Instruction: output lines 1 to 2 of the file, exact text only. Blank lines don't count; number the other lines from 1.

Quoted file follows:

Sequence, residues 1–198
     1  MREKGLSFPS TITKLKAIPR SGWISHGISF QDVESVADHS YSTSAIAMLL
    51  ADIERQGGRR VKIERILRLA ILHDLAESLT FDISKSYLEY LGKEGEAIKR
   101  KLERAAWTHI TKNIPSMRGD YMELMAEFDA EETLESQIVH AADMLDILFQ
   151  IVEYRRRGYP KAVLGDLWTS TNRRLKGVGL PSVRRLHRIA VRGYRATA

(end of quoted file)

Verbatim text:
Sequence, residues 1–198
     1  MREKGLSFPS TITKLKAIPR SGWISHGISF QDVESVADHS YSTSAIAMLL